In September 1770 came the fall of the Chancellor Count Johann Hartwig Ernst von Bernstorff, reportedly thanks to the intrigues of both Struensee and Caroline Matilda; when the Dowager Princess of Wales asked her daughter about these rumours, the Queen responded to her mother's lamentations with an arrogant phrase: "Pray, madam, allow me to govern my own kingdom as I please!".[14] On 18 December Struensee became Maître des Requêtes (Privy Counsellor), and in July 1771 when he entered the cabinet it was declared that his orders would have the same effect as if they were signed by the King himself; on 22 July (the day of the Queen's birthday) Struensee and his assistant Count Enevold Brandt's signatures were officially announced.[15] From then, Struensee's authority became paramount, and he held absolute sway between 20 March 1771 and 16 January 1772: this period is known as the "Time of Struensee".

Caroline Matilda's royal monogram.

On 29 January 1771 in honor of the King's birthday, the Queen founded the Mathildeordenen. The Order has one class, and was intended to honor the royal family and their closest friends. The badge of the Order was a monogram "M", framed by a circle of precious stones and branches covered with green enamel. The Order was composed by pink ribbon with three silver stripes. Men wore the Order on the tape around his neck, and the ladies with a bow on the chest. The Order Charter consisted of seven articles, and was written in French. Order of Presentation was held once in the same day, at the dinner in honor of the King's birthday: was granted to twelve people, among whom was Caroline Matilda herself, Struensee, Christian VII, the Queen Dowager Juliana Maria, Prince Frederick (the King's half-brother) and Struensee's close friends. After the coup in 1772, which resulted in the execution of Struensee and the exile of Caroline Matilda, the Order was abolished.[16]

Caroline Matilda often dressed in male attire, here in the Queen's Life Regiment uniform.

Having virtually unlimited power, Struensee issued no fewer than 1069 cabinet orders, or more than three a day; for this reason, he has been criticized for having an imprudent "mania" for reform (despite the fact that all these orders were based on sound, rational principles) and because he didn't follow native Danish and Norwegian customs, seeing them as prejudices and wanting to eliminate them in favour of abstract principles. This led to the extreme unpopularity among the conservative circles at court, lead by the Dowager Queen Juliana Maria of Brunswick-Wolfenbüttel and her son Prince Frederick.[17] Caroline Matilda shared the unpopularity of her lover, due to her support for his reforms[18] and her behavior, which was offensive to a nation that had a traditional veneration for the royal house of Oldenburg, and brought the Crown into contempt: her way of openly demonstrating her new happiness was seen as shocking, as when the couple reportedly barely concealed their affair during the masked balls of Caroline von Schimmelmann.[11]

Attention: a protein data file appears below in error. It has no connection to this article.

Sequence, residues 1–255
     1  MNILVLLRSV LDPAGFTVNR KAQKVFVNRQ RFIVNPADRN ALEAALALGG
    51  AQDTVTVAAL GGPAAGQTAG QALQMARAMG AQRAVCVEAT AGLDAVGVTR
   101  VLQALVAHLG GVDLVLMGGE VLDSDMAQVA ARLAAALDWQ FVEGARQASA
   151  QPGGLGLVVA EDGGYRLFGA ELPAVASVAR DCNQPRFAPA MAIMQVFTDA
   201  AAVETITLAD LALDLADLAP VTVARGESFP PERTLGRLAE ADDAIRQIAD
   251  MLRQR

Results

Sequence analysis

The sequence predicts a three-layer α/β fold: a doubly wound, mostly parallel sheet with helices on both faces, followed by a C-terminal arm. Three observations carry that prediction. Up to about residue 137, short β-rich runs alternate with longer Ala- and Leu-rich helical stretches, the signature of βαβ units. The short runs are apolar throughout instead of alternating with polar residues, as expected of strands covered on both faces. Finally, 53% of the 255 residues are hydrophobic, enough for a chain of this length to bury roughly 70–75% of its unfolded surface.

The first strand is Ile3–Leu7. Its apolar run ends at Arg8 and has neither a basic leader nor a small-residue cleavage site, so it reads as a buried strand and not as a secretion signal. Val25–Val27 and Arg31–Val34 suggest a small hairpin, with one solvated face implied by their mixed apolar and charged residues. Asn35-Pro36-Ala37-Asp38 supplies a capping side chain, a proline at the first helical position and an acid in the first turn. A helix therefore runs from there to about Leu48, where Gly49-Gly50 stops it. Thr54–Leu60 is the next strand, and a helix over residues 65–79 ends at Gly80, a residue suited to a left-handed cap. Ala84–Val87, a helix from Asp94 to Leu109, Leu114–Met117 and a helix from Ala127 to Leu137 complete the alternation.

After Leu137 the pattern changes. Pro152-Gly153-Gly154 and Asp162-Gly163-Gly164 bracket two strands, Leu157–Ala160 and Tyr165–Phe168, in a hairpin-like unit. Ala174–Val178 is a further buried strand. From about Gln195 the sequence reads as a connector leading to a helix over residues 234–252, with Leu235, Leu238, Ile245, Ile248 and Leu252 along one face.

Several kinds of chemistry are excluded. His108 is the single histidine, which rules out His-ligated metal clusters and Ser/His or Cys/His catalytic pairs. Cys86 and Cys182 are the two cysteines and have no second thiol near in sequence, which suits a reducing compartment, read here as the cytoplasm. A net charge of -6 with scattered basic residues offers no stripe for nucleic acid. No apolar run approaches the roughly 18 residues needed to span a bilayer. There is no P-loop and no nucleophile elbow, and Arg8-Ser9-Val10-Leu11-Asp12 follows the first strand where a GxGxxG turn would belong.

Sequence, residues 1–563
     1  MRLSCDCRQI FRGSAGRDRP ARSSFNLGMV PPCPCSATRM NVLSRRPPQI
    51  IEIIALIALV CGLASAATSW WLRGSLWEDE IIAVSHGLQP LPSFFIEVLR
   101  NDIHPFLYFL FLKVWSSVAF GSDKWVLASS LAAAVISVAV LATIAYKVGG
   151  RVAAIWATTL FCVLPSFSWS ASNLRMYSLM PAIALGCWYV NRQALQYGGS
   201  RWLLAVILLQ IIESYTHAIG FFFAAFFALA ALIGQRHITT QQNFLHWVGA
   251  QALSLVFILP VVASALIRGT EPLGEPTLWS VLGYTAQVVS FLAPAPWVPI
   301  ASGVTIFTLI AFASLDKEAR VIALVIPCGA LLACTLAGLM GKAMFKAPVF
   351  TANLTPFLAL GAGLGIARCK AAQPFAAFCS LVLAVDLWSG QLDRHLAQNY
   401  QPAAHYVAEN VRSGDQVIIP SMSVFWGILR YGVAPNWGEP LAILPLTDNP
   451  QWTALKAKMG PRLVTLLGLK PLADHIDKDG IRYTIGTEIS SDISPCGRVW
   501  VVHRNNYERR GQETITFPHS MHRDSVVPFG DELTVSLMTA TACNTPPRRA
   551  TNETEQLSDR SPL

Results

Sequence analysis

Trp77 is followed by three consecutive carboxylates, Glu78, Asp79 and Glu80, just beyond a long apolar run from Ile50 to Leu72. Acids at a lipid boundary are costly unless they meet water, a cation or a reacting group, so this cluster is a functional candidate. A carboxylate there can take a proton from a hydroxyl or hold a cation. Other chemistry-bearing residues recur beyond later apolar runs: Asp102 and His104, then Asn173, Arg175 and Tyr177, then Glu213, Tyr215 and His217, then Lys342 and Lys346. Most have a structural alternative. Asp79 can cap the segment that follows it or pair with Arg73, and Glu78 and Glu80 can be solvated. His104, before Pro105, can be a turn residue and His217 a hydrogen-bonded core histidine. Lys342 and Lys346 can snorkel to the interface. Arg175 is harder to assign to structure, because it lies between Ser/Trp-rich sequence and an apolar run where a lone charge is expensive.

Until now without influence, Caroline Matilda became the center of the Court's attention, and gathered followers called Dronningens Parti (literary "The Queen's Party").[8] She gained a new confidence, and showed herself in public riding astride on horseback, dressed as a man. This was seen as scandalous, and according to Luise Gramm, she had been encouraged to do this by her lady-in-waiting Elisabet von Eyben.[11] Struensee introduced a reform in which burgher class people were allowed to dine informally with the royal family, and the Queen acquired friends outside the aristocracy such as Johanne Marie Malleville, which was seen as a scandal.[11]

Princess Louise Augusta, by Helfrich Peter Sturz, 1771.

On 17 June 1771 the court took summer residence at Hirschholm Palace in present-day Hørsholm municipality. Here, Caroline Matilda lived happily with her son and her lover, and was painted with the Crown Prince in the style of the newly modern country life by Peter Als; this summer is described as an idyll.[8] She also planned a new summer villa, Frydenlund in Vedbæk. One month later, on 7 July, the Queen gave birth to a second child, a daughter named Louise Augusta. The event was coldly received at court, although the Dowager Queen Juliana Maria agreed to be the godmother of the newborn, if the Queen agreed.[18] The King recognized the paternity of the child, who officially became a Princess of Denmark and Norway, but the Queen's behavior and the girl's resemblance with Struensee, caused that the courtiers began to think that almost certainly he was the biological father of the princess,[3] who was called “la petite Struensee”.[8] However, during the process against Caroline Matilda, her daughter was never mentioned in any document,[17] because Struensee previously gave "satisfactory answers" about the circumstances of the birth of the princess.[19]